Mon, 16 Sep 2019

The fires currently consuming Brazil's Amazon rainforest seem a world away from the tense diplomacy in the US trade war with China. In truth, they're more closely connected than you might suspect, writes David Fickling.

One of Beijing's main acts of retaliation in the fight has been to freeze purchases of the 30 million metric tons to 40 million tons of American soybeans it imports each year. That's left it more dependent than ever on Brazilian soy to take up the slack.

Chinese imports from Brazil in the 12 months through April came to 71 million tons, about as much as it imported from the entire world in 2014.

As we've written, that's driving an investment boom into Brazil's farm sector, with major agribusiness players such as Nutrien and Mosaic shifting their focus to South America to take advantage of Beijing's desire to diversify away from dependence on US food supplies.

In a sense, this shouldn't have a direct impact on the Amazon. Most Brazilian soy is grown in the cerrado, a vast area of savannah to the south and east of the rainforest. Agricultural investment has concentrated on converting cerrado land currently used for pasturing livestock into row-crops like soybeans.

That process should be able to result in a huge expansion of arable land without touching the Amazon.

The trouble is, even Brazil has a finite amount of land and if you squeeze the balloon in one place, it risks popping out in another. As it is, most of the expansion of Brazil's arable land over the past decade appears to have come at the expense of regrowth forest, which tends to be less well-protected than primary forest like the Amazon.

This year's fires could see ranchers driven out of the cerrado by arable crops to seek new pastures in freshly-cleared former rainforest in the Amazon.

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That's particularly dispiriting because preservation campaigns appear to have started paying off in recent years, with clearing of Brazil's primary rainforest almost brought to a halt over the past decade despite the ongoing felling of regrowth woodlands.

President Jair Bolsonaro has already promised a more aggressive approach to developing the Amazon, scorning environmental concerns and jokingly referring to himself as "Captain Chainsaw."

Even when activity is kept away from the Amazon, land conversion has a damaging effect on the atmosphere. Brazil's cerrado pastureland can be quite densely forested, with livestock grazing beneath the open canopy of the trees. Converting that to row crops necessitates uprooting those carbon-sequestering trunks, one reason it's such a costly and difficult process. In addition, pastureland trampled by livestock is quite effective at locking atmospheric carbon up in the soil, but arable fields tilled every year fail to make as much difference.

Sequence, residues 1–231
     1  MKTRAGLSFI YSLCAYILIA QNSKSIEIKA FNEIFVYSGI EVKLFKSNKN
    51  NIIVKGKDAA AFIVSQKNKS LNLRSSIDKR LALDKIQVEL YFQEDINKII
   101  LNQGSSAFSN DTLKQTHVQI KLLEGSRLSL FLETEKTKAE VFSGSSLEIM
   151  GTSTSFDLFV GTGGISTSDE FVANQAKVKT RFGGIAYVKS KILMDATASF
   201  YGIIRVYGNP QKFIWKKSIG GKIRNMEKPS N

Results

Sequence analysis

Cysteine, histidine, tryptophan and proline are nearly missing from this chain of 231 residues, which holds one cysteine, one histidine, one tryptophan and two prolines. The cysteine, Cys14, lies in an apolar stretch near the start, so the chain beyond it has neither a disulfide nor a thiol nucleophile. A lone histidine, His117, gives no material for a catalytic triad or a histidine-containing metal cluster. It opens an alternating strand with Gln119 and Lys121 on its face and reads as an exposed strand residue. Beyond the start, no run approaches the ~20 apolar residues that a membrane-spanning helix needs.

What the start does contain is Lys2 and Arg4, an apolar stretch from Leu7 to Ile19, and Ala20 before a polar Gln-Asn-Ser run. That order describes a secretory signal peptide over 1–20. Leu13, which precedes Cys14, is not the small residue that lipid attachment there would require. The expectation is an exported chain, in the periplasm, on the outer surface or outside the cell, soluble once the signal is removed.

It's still hard to tell exactly who is responsible for the 84% increase in fires in Brazil's forests over the past year. The intensity of the infernos is likely the result of drought, although the rising number of blazes almost certainly comes from an increase in deliberate human activity.

More than half of outbreaks have been in the Amazon, with another 30% in the cerrado and most of the rest in the coastal Atlantic forest.

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The danger of the current situation is that China's hunger for soy may derail the halting recent progress in ending deforestation. The European Union in June concluded a trade agreement with the South American Mercosur bloc after two decades of negotiation, but Bolsonaro's insouciant attitude to the Amazon represents a stumbling bloc for European governments who are needed to ratify the deal.

Brazil's agribusiness sector has even lobbied Bolsonaro's government to take greater steps to halt deforestation, out of fear that his confrontational stance could jeopardize the EU-Mercosur deal and hurt their exports.

China, on the other hand, tends to be a much more hands-off trading partner, and long-standing concerns about food security mean Beijing has been unusually solicitous of Brazil's approval. If anything could nudge Bolsonaro toward ignoring his country's land barons and following his instincts instead, it's the prospect of a rich alternative source of foreign exchange from China.

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This would be a miserable and unexpected outcome from the current trade war. Despite coming to office on a pledge to revive the coal industry and tear up environmental rules, President Donald Trump has mostly failed to reverse the greening of America's power sector and the auto industry's drive toward lower tailpipe emissions.

His trade fight with an equally carbon-addicted China, however, encouraged that country to embark on a ruinously carbon-intensive industrial stimulus last year, and may now be driving Brazil to uproot more of its forests. The grimmest climate legacy of the Trump administration may well come not from energy policy, but from trade.

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